The intense segregation of Chicago presents a challenge for a church that seeks to be intentionally multicultural, community focused, and theologically progressive all at once. It’s not just the hour of church that’s segregated in Chicago; the city’s churches remain largely dived along the lines of race, neighborhood, and denomination. As Adams explains, the neighborhood segregation of Chicago, enforced by binding racial covenants on real estate, confined black residents to black churches in the early twentieth century. As real estate opened up and neighborhoods became sharply divided by class and race, churches on the South Side stayed largely split along the historic color line. And McGinley acknowledges this. “The lines are strict,” she remarks, with a steely hint of resolution. The challenge of segregation is embedded in her mission. Space must be built rather than expected; it must be intentionally created and carved out on corners like 60th and Dorchester so that people are able to bear first-hand witness to the benefits of inclusivity.
This inclusivity extends beyond race, of course. The congregation runs the gamut in terms of age, socioeconomic background, and education. And just as the leadership is inter-denominational, so too are the congregants. “We’ve got folks who come from Catholic, Episcopalian, very high church backgrounds,” said McGinley, “and then folks who come from Pentecostal, charismatic congregations.”
The people who come to Urban Village are people like Adams, and like McGinley herself. People who have been burned by the church, who have questions that other congregations refuse to answer, who claim identities that other institutions deem unacceptable. The crowd that assembled that first day at the site on 60th was shocking in its visible racial diversity. On one row alone, a mixed-race family sat alongside a trio of older black men, the three of whom who sat next to a young black couple and an Asian man.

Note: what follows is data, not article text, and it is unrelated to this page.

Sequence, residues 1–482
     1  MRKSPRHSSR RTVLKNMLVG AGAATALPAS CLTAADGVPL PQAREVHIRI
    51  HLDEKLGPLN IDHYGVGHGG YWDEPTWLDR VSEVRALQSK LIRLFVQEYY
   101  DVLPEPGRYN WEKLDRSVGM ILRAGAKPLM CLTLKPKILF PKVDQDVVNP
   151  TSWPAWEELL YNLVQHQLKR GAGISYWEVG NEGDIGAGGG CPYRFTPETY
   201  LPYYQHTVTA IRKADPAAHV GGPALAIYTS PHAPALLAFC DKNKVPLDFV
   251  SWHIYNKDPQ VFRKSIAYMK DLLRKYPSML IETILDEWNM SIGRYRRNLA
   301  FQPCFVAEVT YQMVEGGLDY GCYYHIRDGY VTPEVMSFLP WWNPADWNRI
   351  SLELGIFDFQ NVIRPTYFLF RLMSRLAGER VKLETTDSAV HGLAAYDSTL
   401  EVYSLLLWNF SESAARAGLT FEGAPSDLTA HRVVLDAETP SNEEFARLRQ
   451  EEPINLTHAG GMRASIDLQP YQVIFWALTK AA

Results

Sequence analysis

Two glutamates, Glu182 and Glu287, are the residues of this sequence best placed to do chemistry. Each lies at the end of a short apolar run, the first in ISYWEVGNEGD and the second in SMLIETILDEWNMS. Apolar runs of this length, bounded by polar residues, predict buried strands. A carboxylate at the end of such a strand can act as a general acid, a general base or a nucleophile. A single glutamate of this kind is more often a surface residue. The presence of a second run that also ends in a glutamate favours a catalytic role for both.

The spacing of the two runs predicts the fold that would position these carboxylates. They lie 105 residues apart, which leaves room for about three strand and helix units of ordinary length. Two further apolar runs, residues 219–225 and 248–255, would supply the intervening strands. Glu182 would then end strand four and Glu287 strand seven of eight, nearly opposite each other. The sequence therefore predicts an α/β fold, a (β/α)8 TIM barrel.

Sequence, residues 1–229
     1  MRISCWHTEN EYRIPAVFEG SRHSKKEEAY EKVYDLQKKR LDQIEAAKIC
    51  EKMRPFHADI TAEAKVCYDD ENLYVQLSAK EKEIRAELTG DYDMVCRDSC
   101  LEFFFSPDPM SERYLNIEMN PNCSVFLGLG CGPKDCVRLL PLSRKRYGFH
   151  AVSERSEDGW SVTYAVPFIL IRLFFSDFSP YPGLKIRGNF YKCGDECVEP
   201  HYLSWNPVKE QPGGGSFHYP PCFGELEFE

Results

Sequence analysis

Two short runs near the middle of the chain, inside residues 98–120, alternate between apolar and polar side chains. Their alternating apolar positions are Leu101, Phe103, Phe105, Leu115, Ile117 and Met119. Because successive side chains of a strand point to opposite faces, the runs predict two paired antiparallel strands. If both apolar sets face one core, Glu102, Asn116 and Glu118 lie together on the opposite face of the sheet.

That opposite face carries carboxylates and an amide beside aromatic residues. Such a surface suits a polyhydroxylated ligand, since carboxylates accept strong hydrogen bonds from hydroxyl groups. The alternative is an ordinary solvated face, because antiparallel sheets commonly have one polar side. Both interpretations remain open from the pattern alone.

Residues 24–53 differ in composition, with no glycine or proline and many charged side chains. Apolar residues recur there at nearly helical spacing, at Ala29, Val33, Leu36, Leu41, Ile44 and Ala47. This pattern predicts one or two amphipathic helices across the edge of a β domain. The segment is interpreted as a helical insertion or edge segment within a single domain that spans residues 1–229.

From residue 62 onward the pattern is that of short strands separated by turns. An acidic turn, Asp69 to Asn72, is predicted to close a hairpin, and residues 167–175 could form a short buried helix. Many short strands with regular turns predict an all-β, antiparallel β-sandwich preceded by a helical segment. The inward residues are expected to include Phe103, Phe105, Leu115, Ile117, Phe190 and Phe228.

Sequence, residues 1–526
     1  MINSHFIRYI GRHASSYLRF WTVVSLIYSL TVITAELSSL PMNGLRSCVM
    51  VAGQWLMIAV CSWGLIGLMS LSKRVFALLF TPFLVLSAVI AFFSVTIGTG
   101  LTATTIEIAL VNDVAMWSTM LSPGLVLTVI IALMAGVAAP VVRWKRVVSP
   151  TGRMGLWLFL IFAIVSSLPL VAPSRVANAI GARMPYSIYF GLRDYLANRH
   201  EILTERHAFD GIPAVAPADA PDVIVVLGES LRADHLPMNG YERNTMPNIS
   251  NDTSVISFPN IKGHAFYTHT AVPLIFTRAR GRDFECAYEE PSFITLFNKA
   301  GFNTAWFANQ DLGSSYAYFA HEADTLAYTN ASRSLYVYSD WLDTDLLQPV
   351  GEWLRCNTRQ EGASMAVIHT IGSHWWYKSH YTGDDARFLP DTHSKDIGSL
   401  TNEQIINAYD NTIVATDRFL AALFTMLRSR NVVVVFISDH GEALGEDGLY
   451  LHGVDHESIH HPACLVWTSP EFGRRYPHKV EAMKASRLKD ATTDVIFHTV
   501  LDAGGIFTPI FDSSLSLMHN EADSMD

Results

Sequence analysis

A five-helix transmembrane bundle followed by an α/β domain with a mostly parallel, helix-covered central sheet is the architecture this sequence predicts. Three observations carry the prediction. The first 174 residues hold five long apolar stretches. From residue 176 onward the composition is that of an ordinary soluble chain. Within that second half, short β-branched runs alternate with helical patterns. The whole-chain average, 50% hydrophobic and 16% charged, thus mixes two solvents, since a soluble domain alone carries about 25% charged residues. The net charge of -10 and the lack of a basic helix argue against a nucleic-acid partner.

As Adams said of that first day, “Though I had been attending the Loop location and the diversity was there to an extent, it was oh so overwhelmingly apparent on the day of the Hyde Park launch. And for me,” he continued, his voice breaking just slightly with emotion, “that’s what I imagine Heaven will be like.”
That’s a tall order. And yes, the vision of Urban Village sounds a bit utopian. But the vision is enacted slowly, in ways as simple and direct as a powerful line in an Easter sermon. In keeping with Urban Village’s promise of relevancy, Zach Mills spoke boldly of to the issues impacting the Woodlawn community; “These troubling narratives whisper brazenly in our ears that little six-month girls will continue to be killed by stray bullets in gang shootings in our community. And that corrupt political powers will continue their unjust practices of profiling and arresting and unfairly convicting thirty-year-old men of color in Englewood and in the backwaters of Nazareth.” These narratives are troubling, yes, but Mills ended confidently.
“Our world is full of narratives and stories that try to convince us that we can never experience anything more that we have already experienced.” The ideal of a multiracial, inclusive church is difficult to affect in an area historically dominated by all-black churches. But this is radical hospitality where it is most needed, and there is hope for heaven.